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November 22, 2009

The Barefoot Files: Toro Park Trail Run

In an earlier training update, I described how my evolution as a barefoot runner was something of a “two steps forward, one step back” progression, with gradual improvements occasionally knocked for a loss by something stupid or unforeseen - or sometimes, stupidly unforeseen – to make me question why I’m doing any of this to begin with.

Last week was another one of those setback days, as I put my newfound confidence as a barefoot trail runner to the test in a new, yet very familiar setting: Toro Regional Park in Salinas, one of my favorite playgrounds in all of Monterey County.

I never really need a reason to run in Toro Park, but I was looking forward to this particular outing for a couple purposes. Primarily, I wanted to see if the good vibes I experienced on my last barefoot trail run would carry over to a different type of terrain. But also …


… I wanted to check on one of my favorite trees. It had been a few weeks since I’ve been on this particular trail, and I knew that this tree explodes in brilliant reds and browns during the winter months. Seasonal changes in Monterey County tend to run several weeks behind the normal calendar, so I’ve still got a few weeks before the colors here start to get spectacular. (And to assure you I’m not making this story up, I’ll keep posting pictures from this tree into December and January. Trust me, they’ll be cool.)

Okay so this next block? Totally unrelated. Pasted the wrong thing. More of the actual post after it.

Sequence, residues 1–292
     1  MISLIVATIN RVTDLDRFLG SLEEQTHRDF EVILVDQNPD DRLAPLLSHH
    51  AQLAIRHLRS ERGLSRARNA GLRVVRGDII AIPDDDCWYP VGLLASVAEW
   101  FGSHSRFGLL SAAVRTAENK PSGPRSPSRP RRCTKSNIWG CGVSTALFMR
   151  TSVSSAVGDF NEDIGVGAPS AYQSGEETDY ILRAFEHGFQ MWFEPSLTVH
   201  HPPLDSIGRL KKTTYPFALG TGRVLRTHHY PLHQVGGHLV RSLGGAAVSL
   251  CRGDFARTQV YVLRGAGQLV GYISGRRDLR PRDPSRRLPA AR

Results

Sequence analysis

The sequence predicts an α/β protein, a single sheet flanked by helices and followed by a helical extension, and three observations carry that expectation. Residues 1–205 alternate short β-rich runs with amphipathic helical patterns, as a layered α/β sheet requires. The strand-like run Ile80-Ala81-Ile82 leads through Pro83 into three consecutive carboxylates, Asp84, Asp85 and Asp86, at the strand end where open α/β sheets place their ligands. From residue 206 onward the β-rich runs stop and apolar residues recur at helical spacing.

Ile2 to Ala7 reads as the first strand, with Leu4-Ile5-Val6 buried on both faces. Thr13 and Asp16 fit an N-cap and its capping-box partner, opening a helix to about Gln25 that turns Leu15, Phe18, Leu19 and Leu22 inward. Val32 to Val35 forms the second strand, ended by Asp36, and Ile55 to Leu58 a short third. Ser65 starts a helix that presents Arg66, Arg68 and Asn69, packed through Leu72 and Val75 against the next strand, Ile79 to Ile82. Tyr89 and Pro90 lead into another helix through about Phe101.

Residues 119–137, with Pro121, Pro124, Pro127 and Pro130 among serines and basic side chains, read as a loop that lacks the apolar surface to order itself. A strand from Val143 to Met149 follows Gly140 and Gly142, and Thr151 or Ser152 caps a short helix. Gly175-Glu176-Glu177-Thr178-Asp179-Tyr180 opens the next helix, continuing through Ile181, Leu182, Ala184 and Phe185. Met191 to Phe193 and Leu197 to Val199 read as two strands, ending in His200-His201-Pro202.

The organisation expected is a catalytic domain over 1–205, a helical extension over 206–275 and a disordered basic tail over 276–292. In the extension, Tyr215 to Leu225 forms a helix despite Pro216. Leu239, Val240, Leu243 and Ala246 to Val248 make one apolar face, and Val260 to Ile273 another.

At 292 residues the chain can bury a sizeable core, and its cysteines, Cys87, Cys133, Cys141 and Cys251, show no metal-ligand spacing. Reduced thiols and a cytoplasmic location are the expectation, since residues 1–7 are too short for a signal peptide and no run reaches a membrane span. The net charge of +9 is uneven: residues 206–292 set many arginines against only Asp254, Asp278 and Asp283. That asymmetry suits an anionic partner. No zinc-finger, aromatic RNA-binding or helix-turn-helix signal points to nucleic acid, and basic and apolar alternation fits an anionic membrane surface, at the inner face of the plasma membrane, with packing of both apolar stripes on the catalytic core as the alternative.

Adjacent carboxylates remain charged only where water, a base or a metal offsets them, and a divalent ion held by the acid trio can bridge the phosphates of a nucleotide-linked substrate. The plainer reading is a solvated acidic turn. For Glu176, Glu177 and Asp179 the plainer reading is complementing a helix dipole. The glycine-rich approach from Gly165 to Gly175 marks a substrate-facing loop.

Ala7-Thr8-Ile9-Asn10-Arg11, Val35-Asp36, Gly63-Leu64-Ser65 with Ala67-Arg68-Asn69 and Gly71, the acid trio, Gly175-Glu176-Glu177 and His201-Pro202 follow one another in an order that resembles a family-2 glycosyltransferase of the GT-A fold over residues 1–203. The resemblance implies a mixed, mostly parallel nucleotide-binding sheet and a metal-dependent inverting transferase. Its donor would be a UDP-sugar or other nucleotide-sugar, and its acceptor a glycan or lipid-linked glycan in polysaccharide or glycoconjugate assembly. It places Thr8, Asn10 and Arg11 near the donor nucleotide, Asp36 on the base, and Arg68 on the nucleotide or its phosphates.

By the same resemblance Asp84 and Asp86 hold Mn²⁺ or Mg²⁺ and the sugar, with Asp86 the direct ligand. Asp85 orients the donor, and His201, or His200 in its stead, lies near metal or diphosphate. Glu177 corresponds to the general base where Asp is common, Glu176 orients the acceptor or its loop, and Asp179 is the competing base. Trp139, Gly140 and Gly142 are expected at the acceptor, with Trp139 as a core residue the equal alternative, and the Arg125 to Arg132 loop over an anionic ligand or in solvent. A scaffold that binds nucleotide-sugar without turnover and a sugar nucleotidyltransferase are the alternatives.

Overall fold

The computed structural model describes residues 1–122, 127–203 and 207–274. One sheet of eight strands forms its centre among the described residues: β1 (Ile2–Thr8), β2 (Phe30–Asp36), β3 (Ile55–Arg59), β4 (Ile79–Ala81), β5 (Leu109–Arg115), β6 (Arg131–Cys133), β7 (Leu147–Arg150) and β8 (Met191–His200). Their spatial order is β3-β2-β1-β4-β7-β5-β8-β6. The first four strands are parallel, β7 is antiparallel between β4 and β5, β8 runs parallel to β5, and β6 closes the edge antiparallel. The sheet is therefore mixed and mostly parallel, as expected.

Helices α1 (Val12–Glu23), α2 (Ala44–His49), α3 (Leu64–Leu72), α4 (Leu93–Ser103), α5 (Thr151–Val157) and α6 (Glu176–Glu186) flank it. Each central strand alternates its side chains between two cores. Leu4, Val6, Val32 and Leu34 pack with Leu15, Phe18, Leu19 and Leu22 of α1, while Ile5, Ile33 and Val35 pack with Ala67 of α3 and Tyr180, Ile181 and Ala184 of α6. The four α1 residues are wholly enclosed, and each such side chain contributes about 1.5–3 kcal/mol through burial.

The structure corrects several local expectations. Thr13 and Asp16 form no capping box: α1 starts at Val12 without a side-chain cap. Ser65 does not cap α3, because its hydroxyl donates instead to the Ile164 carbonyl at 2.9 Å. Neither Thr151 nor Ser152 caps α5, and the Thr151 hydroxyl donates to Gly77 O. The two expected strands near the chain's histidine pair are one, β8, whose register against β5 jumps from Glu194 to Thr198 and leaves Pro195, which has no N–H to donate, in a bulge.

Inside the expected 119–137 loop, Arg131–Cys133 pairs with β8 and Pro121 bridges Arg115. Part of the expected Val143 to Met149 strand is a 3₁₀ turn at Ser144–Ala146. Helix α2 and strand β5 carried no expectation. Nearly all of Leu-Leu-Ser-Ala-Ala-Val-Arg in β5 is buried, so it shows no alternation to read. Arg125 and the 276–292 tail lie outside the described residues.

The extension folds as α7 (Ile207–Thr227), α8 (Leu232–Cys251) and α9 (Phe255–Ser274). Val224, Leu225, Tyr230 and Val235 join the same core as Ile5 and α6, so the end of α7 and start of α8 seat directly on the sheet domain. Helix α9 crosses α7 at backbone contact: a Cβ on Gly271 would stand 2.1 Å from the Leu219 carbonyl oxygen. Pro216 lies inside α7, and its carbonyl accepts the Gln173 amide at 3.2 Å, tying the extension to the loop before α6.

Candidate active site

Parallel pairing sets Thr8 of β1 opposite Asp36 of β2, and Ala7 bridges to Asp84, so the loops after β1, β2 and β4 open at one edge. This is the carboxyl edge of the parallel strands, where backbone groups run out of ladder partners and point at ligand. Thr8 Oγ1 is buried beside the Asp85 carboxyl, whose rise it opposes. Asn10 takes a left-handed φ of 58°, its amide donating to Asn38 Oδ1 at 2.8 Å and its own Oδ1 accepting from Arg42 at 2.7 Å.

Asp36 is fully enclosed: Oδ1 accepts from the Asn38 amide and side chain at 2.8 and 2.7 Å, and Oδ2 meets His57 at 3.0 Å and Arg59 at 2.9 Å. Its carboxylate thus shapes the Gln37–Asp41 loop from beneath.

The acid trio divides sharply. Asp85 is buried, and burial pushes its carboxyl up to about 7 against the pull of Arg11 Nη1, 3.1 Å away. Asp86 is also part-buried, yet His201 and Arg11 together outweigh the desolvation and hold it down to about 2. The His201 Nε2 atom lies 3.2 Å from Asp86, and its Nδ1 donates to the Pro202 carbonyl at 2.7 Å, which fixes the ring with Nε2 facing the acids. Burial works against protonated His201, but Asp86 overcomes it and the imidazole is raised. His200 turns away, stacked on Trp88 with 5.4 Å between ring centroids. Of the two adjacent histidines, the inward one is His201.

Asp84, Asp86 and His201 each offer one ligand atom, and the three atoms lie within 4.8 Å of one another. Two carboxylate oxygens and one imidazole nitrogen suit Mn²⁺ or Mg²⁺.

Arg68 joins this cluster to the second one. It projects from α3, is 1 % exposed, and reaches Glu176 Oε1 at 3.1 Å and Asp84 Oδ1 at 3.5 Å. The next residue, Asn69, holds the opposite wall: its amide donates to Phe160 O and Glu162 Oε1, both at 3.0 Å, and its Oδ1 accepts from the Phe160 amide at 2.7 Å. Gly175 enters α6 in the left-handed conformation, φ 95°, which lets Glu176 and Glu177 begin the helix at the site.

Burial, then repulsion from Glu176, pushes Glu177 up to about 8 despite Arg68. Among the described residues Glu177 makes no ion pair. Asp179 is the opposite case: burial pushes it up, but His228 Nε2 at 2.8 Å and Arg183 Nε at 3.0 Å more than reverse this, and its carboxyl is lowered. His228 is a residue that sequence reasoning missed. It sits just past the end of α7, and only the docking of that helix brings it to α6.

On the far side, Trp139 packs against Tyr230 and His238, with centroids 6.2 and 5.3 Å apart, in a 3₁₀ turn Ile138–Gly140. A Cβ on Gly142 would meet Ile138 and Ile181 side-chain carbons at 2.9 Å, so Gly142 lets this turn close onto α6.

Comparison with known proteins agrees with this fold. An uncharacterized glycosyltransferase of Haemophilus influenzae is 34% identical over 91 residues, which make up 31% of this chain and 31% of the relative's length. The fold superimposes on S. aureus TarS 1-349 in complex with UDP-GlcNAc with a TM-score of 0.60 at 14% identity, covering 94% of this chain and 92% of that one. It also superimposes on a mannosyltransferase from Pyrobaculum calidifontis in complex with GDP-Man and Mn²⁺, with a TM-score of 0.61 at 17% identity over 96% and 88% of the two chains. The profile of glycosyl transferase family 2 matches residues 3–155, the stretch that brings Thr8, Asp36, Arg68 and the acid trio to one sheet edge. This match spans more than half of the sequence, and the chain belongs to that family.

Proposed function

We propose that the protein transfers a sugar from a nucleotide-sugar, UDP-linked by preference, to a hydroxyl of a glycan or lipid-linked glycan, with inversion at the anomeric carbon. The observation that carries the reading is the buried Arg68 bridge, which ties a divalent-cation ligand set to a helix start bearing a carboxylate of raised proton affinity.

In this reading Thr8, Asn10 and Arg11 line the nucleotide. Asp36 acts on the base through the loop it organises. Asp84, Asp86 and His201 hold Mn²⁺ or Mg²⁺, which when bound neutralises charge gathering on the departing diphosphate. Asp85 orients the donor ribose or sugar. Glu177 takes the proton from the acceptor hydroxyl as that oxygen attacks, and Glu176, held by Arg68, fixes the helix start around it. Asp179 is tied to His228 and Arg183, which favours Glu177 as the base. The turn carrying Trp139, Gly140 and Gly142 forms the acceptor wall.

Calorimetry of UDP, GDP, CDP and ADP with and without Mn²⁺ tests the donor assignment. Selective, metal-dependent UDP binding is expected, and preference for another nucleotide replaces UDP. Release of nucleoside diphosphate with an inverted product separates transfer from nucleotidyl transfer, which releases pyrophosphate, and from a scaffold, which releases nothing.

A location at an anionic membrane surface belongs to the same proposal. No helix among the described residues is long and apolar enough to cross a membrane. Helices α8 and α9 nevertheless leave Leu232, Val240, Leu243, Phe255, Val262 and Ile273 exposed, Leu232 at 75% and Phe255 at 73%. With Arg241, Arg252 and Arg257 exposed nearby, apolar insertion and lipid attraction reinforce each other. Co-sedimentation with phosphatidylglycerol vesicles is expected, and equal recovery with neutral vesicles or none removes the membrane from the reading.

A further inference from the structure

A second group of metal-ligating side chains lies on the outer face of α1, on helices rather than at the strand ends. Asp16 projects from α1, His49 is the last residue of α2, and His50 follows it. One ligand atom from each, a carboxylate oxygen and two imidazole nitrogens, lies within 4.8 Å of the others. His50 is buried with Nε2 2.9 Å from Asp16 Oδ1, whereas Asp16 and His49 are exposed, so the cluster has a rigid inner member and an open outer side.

The outbound leg includes a few sections of gently groomed single track, which I’ve start to become more comfortable with. However …


… there are also some fairly treacherous sections, such as when the trail wanders through a small eucalyptus grove. The hard seeds of eucalyptus trees are super painful on bare feet, and they’re abundant enough that it’s very tricky to pick your way around them. Through stretches like this, I’m always reminded of Marlin and Dory hopping through the jellyfish forest (scroll to 3:15 mark): I can bounce from one safe spot to another pretty effectively at first, but eventually I know I’m going to get nailed.


The fire road eventually enters a clearing and climbs for a total of nearly three miles before a low ridge line that meets the connecting return trail. My feet had nearly recovered from the eucalyptus beating, so I decided to play around a bit …


… by experimenting with some action shots using my camera’s self-timer. This is the one that came out best – and I’m not going to say how many attempts came out poorly. I’m not exactly an expert at this stuff yet.


I eventually reached the connecting trail, where I normally enjoy some sweet views of the Salinas Valley on my return trip. However, although I had only traveled a few miles at this point, my feet were really beginning to hurt. It wasn’t anything muscular or joint-related; but all of a sudden the bottoms of my feet were feeling completely raw and vulnerable. The rough trails were taking their toll.

Instead of being in the moment and soaking in my surroundings, I had to keep my eyes nailed to the ground, constantly searching for the best footfall. It reminded me of the last several miles of an ultra, where most of the joy of the run has drained out several miles ago, and your focus is consumed by the simple task of safely putting one foot in front of the other. Whatever the opposite of runners high is, that’s what I was feeling by this point.